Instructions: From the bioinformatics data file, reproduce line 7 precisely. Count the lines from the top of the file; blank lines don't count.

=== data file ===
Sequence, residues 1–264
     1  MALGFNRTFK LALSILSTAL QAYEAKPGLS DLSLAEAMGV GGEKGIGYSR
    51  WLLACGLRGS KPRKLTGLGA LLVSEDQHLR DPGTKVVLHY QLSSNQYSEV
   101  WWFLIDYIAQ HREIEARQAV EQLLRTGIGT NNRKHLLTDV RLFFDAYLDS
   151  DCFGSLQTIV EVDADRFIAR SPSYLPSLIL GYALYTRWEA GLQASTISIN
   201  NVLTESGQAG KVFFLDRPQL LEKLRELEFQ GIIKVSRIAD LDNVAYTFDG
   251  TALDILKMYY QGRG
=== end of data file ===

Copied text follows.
   251  TALDILKMYY QGRG